One thing that is immediately apparent when you board the coach is the smell. Everything smells new and leathery. Like an expensive taxi service. I suspect it is part of their client-binding strategy, and a way to distinguish themselves from the 48 hour Eurolines bus to Kiev, but it does work. It creates a sense of security and trust. The seats are excellent and very large. There’s a 220V plug on every seat. And on-board Wi-Fi. Included in the price.
After a short introduction of the on-board facilities by one of the two drivers and a brief ‘sleep tight’, the bus sets off across midnight London. One of the nice things about night travel, either by train or by bus, is the way you travel through suburbs, cities and countryside as a silent observer. The first hour or so, the coach travels through London, past Battersea, Vauxhall and the southern suburbs towards the M20 to Kent. You can see the city slowly falling asleep, as people leave pubs, walk drunk along (or on) the road, and go home. The best way to see a city alive, is by travelling through it.
1:15 Folkstone Channel Terminal
Here, I should point out the difference between the day services and the overnight service. iDBUS uses the Chunnel to cross the Channel to France, so the time spent waiting at the Channel Terminal depends on the availability and timing of shuttle trains. During the day, this takes only half an hour or so. At night, there’s a 90 minute pause on the parking lot, because there’s one train every 2 hours. But this isn’t really important, as you’re asleep anyway. In very much the same way as night trains sometimes spend a few hours at a station to change locomotives (or simply to stretch time to make you arrive at your destination at daybreak).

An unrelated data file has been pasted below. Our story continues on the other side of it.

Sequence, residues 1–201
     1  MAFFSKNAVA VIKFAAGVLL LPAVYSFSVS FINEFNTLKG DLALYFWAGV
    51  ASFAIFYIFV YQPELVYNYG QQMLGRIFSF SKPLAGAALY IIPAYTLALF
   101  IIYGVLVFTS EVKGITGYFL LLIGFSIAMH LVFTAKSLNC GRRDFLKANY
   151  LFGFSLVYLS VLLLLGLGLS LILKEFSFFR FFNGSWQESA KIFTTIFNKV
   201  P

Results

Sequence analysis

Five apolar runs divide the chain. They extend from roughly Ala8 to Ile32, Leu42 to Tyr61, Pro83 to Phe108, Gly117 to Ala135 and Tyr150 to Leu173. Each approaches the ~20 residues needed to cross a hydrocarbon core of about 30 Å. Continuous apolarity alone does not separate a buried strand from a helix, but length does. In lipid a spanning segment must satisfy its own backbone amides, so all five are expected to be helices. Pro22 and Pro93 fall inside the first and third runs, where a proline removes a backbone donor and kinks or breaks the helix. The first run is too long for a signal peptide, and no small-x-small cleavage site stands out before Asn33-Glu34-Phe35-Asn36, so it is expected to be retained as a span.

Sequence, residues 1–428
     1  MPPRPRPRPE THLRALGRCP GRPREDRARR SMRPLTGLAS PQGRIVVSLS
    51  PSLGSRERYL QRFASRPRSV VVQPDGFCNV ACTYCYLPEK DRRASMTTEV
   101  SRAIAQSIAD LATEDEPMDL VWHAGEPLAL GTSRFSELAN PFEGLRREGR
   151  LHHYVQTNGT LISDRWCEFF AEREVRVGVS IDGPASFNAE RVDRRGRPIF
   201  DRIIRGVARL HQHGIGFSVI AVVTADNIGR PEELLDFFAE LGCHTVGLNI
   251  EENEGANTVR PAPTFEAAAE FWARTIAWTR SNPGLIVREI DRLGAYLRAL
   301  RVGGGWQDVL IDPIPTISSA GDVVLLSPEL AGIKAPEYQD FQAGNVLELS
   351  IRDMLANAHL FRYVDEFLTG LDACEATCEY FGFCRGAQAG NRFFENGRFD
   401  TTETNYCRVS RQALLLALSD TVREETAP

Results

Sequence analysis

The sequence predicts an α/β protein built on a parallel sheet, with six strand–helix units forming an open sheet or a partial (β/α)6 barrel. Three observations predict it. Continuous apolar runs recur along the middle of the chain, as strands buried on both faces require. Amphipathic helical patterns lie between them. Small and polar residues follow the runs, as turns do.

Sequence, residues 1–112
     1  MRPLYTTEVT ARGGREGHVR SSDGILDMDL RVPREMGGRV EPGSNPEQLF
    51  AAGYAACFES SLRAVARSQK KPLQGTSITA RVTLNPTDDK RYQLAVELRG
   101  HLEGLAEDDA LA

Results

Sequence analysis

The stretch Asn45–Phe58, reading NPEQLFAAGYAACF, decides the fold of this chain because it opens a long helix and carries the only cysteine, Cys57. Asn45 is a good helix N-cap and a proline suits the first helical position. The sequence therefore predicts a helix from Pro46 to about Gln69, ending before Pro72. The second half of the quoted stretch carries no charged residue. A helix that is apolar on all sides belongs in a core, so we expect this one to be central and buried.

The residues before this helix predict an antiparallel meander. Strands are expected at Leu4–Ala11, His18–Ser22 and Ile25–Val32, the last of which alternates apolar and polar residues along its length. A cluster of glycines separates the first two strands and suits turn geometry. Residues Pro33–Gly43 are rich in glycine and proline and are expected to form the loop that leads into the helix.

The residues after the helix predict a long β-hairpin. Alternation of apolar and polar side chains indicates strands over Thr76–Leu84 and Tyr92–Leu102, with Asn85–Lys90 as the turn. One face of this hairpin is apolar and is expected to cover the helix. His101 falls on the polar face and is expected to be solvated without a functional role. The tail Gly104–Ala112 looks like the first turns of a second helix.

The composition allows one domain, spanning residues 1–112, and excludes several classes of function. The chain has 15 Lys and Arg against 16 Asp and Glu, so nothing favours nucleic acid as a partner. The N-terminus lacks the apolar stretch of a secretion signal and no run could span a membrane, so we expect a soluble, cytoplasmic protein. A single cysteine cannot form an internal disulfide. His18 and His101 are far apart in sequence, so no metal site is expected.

3:10 Le Chunnel
The bus drives through Customs (from what i’ve heard, passport checks occur on board on some coaches) and into the awaiting Shuttle train. What follows is all very futuristic. Train closes, spaceship health and safety announcements are made, and 30 minutes later (or 90 minutes, if you count the time zone) the carriage opens up again and you drive off on the wrong side of the road. You can leave the bus during the crossing to stretch your legs, but really, the shuttle train isn’t that interesting. It’s really just a hollow tube on wheels.
6:24 Lille Europe Station
14 minutes later than the scheduled arrival time, the iDBUS pulls into Lille, and stops on the upper part of Lille Europe. The driver makes it a ‘point d’honneur’ of saying goodbye personally to everyone leaving the coach here. In fact, he’s leaving the coach as well, as another chauffeur team boards for the remaining leg to Paris. Nevertheless, it’s a service you don’t get on a TGV.
There is none, really. Though, if you’re not used to travelling by night in a bus, then it might be a bit tiresome. I admit I didn’t sleep a lot, but that had more to do with the excitement of discovery than my discomfort. As there were only 7 persons on the bus, I could spread my little travel ecosystem over the seat next to me. I can imagine that a full bus is something quite different. Then again, there’s more comfort and leg room than in a 1st Class seat of a TGV.
Excellent slow alternative to the Eurostar. Almost spot on time. Well-trained staff. Leg room.
What more can you wish for?